Brighter days - but with reduced working capacity?

Warmer temperatures and the outdoors - the upcoming season is great... for most of us.


But for some, this season presents a recurring problem leading to reduced concentration and work performance - due to pollen allergy. Should our work performance or school results be affected by seasonal changes?

One in four Swedes

Right now, flowers are in full bloom and pollen levels are high. One in four Swedes suffers from allergies and for many it's difficult, especially now that many of us are back in the office in the aftermath of the pandemic. Research shows how the total amount of particulate matter we are exposed to affects us negatively, which may explain why allergy problems are often more common in cities.  

The Swedish pollen season can be divided into three periods: spring when deciduous trees are in bloom, summer with grass pollen and late summer/autumn for grasses. High pollen levels build up naturally where the wind carries the airborne particles.  

Symptoms of pollen-related allergies include general fatigue but also physical problems such as runny nose, red eyes and recurrent sneezing. 

The impact on work

Pollen allergy sufferers often worry about how the season will affect them and chase medication that leads to nothing but fatigue. Many of us allergy sufferers worry about how to cope with everyday life - from delivering at work to managing the house and home, not to mention enjoying our free time.  

Researcher Lars-Olaf Cardell has previously commented in Svenska Dagbladet on his research at Karolinska Institutet (KI) on the costs and extent of pollen allergy. In Swedish companies surveyed, many employees stated that their work capacity was definitely negatively affected, with many sneezing and sniffling their way through the working day.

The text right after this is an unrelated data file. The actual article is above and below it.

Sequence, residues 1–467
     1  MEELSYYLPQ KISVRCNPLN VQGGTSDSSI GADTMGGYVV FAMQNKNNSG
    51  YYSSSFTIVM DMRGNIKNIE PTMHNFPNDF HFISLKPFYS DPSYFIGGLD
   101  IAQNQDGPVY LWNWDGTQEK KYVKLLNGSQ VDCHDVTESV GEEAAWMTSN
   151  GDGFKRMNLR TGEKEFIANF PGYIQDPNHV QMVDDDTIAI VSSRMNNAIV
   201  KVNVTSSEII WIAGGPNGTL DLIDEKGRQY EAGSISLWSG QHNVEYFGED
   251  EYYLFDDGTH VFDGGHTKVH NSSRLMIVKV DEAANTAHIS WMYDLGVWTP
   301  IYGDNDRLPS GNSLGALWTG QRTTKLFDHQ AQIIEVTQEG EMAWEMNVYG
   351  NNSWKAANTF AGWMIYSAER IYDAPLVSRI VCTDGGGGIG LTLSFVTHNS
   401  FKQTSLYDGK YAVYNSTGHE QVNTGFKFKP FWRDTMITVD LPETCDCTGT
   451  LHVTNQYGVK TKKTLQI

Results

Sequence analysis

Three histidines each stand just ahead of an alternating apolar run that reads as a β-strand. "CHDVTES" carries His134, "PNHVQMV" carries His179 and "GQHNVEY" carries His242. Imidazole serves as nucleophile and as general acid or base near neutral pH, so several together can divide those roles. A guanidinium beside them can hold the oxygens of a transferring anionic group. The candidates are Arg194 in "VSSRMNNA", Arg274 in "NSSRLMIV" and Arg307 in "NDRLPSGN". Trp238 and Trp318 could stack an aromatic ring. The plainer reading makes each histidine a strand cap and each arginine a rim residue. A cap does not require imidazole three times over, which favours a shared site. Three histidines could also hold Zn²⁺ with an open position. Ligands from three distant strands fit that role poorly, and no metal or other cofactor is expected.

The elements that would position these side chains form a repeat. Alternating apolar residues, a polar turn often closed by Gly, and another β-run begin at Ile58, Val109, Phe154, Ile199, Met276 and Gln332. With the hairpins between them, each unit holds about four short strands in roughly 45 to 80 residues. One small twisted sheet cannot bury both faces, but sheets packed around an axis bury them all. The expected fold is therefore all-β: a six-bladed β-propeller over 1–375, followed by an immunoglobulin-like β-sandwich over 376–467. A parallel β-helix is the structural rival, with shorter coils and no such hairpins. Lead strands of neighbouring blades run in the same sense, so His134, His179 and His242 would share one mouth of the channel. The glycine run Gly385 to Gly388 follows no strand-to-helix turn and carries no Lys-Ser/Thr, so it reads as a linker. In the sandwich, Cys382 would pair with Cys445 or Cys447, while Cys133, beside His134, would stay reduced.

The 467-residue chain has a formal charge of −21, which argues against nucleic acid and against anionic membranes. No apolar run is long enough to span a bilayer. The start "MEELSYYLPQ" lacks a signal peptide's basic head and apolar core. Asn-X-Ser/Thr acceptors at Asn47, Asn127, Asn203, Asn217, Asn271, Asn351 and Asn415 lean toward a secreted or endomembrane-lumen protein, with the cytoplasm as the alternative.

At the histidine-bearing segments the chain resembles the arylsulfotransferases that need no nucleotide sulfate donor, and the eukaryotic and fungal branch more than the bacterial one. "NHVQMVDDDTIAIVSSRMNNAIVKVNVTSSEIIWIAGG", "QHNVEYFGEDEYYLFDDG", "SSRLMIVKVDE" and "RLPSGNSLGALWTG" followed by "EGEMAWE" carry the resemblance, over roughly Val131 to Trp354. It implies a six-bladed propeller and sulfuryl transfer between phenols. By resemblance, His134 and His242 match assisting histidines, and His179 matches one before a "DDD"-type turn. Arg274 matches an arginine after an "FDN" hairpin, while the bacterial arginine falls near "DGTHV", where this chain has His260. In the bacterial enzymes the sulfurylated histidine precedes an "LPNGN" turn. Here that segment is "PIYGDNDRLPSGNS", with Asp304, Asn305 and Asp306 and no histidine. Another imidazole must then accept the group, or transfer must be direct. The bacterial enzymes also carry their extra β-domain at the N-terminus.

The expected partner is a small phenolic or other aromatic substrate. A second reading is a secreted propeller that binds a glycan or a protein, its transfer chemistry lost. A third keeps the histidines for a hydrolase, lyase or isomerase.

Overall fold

According to the KI study, lower productivity, which in turn leads to sick leave, costs Swedish companies more than USD 1 000 per employee with allergies. The total cost to society is estimated at over USD 1.3 billion.

The dark side of costs related to allergies is huge. Mainly because the majority of us continue with our working days as usual - but with less energy and persistent symptoms. And this isn't just hard on yourself. It is not pleasant to spend your working day among snotty and coughing colleagues in the office environment.


Reducing problems increases well-being and performance

So what can pollen allergy sufferers do besides starting any medication in good time?

In addition to being open about your allergies, especially at work, the Swedish Allergy and Asthma Federation recommends changing sheets, wiping floors and surfaces more often, and rinsing your nose. For those who prefer outdoor exercise, the tip is to do this early in the morning or late in the evening when particle levels are lower.

Another question is what can employers do for their employees when the pollen season affects the work environment for more than six months each year? In addition to the previous tips, commercial and proven air purification is recommended to alleviate symptoms by reducing unhealthy particles, including pollen, from indoor air in the office. Bad air is something that many of us at work hardly think about. - It is known as the 'invisible problem'.

The impact of air cleaning in the office

In addition to reducing pollen problems, the air becomes crisper to breathe and contains less harmful particles from traffic and printers that end up in our lungs. At the same time, we stay more alert longer into the afternoon. In addition, there are also opportunities for double protection by installing scientifically proven virus inhibitors. These prevent the spread of seasonal flu and winter flu, for example - whether it's pollen season or not. As always, talented and ambitious employees should be given the best possible conditions for increased productivity and creativity. Clean air should be a given.

As always, talented and ambitious employees should be given the best possible conditions for increased productivity and creativity. In this respect, clean air should be a matter of course.

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